First Ever Menstrual Hygiene Day

Today, May 28th, is the first ever Menstrual Hygiene day. The date is no accident. The number 28 was chosen as that is the average length of a menstrual cycle and 5 is the average number of days a woman bleeds. (Just like a Female Empowerment Bracelet!)

The aim of this special day is raise awareness (and break the silence) about the importance of menstruation and the hygienic management of it. 

The need for such a day is unfortunately all too great for a variety of reasons, including;

Menstrual hygiene is fundamental to realizing human rights. A basic human right is the right to dignity. Dignity however is difficult to maintain when one is forced into seclusion by being told they are "dirty" simply because they are menstruating (as happens in many parts of India and Africa), or when a girl is worried about leaking and causing embarrassment to herself and her family because she doesn't have access to adequate sanitary protection. 

Menstrual hygiene is fundamental to ensuring health. Many girls in the developing world don't have access to traditional sanitary napkins so they use mud, leaves, dirty scraps of material...whatever they can find. This can potentially lead to infections and disease as can washing reusable products in unclean water. 

Menstrual hygiene is fundamental to advancing education. When girls in the developing world don't have access to proper protection, they stay at home during their period. Many countries, including India, Ghana and Niger operate schools which don't have functioning toilets and so girls in such schools don't go during their periods for obvious reasons.  

Menstrual hygiene is fundamental to changing attitudes. The male population should not be shielded from the truth of menstruation. It is a fact of human nature and we should do all we can to ensure boys and men receive accurate information and show respect for the women in their lives.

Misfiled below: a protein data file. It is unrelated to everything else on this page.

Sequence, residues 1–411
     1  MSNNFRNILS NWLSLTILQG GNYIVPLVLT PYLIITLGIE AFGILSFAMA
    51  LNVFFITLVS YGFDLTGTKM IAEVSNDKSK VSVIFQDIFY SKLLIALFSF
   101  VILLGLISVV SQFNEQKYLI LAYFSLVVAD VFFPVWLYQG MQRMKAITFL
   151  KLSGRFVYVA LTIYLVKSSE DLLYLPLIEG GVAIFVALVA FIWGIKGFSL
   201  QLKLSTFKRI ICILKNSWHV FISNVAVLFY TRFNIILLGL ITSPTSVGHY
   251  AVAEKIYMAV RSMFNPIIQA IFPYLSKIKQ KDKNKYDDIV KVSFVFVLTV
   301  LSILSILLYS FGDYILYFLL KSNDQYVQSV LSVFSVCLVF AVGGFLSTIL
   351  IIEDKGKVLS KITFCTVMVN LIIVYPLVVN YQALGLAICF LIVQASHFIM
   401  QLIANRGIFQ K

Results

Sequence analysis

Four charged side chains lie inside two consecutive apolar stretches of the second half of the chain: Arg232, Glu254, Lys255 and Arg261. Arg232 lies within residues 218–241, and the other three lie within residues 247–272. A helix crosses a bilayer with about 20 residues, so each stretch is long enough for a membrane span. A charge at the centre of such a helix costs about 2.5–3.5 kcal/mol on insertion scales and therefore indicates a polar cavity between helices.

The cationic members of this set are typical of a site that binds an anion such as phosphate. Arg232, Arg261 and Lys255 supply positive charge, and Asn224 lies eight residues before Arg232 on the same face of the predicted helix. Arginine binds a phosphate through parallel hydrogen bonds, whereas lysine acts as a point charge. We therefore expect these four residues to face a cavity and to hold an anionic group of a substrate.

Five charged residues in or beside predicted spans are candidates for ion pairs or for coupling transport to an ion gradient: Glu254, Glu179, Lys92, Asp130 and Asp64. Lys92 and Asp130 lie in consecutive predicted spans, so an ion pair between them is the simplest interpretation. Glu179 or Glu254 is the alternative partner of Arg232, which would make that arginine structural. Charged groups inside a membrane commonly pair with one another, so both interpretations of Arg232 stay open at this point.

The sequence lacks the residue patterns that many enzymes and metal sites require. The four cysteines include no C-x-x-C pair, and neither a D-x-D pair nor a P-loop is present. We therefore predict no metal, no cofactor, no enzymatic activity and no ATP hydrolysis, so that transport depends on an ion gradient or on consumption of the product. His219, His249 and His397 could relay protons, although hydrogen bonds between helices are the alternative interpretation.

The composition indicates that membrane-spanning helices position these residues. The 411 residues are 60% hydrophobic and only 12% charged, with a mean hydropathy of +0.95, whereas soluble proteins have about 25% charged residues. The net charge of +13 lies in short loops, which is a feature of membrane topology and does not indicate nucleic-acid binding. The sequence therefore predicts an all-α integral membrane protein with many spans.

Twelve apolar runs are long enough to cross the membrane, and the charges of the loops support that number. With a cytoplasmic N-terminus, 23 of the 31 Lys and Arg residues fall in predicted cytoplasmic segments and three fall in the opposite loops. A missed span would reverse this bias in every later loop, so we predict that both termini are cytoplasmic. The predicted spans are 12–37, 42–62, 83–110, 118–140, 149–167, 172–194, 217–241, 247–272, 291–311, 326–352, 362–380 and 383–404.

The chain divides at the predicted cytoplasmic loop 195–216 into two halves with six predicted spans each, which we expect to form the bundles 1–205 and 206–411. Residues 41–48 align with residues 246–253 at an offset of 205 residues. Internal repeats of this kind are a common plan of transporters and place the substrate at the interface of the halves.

Menstrual hygiene is fundamental to protecting the environment. The western world seems to be a disposable world, with the majority of women using disposable products to manage their menstruation, giving little thought to the harmful effects on the environment. The average North American woman will use over 10,000 pads or tampons in her life. That's a small mountain of landfill for each one. (Contrary to popular belief and practise, tampons should not be flushed down the toilet as that causes untold damage with the sewage system as seen here.) With education and exposure to the alternatives, more women will hopefully opt to use reusable and environmentally friendly products such as the DivaCup or LunaPads

Menstrual hygiene is fundamental to strengthening the economy. Not only do girls in the developing world miss school during menstruation, but female workers also miss work during that time. Inadequate facilities in the workplace and unsanitary menstrual materials are the main cause of this, with infections caused by improper care a mitigating factor. 

The bottom line is 

Menstrual hygiene is fundamental! 

and so is Menstrual Hygiene Day. 

Throughout the day we will be tweeting, posting to Instagram and Facebook.

Let's start the conversation about menstruation. 

For more information on the importance of menstrual hygiene and management, please refer to some of the excellent articles and videos below. 


Source material courtesy of